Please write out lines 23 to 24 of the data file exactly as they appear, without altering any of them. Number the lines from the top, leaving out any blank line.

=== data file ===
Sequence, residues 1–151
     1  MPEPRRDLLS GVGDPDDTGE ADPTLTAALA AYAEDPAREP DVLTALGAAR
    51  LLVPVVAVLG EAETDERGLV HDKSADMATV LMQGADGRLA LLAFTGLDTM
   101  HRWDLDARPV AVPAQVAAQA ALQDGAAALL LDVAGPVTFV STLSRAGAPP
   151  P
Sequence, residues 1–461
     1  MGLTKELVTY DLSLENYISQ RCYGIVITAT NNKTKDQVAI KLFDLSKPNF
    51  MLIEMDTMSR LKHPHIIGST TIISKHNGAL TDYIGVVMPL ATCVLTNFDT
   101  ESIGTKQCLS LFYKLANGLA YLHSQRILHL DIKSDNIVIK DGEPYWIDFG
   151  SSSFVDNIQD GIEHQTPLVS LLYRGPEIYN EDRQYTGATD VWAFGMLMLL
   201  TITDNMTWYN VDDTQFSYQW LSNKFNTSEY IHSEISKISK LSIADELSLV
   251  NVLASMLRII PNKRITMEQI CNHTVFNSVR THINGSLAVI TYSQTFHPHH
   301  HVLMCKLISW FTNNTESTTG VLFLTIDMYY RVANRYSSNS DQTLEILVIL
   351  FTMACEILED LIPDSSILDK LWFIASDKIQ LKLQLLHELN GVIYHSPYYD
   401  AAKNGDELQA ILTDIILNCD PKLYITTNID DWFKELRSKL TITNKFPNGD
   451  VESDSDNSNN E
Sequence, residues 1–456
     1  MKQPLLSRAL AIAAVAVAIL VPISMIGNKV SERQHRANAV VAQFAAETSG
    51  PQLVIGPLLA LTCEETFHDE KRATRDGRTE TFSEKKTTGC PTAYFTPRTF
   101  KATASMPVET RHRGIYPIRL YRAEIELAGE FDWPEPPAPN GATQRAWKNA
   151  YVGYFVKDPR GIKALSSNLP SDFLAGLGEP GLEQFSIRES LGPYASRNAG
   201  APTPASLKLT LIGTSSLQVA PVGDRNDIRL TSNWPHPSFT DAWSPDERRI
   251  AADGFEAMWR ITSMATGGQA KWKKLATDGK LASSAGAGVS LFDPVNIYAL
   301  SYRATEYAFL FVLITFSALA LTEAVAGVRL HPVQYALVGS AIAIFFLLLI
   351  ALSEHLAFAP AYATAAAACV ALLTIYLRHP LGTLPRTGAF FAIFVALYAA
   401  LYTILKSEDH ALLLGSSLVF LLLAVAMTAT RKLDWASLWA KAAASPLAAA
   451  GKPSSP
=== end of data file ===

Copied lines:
   251  AADGFEAMWR ITSMATGGQA KWKKLATDGK LASSAGAGVS LFDPVNIYAL
   301  SYRATEYAFL FVLITFSALA LTEAVAGVRL HPVQYALVGS AIAIFFLLLI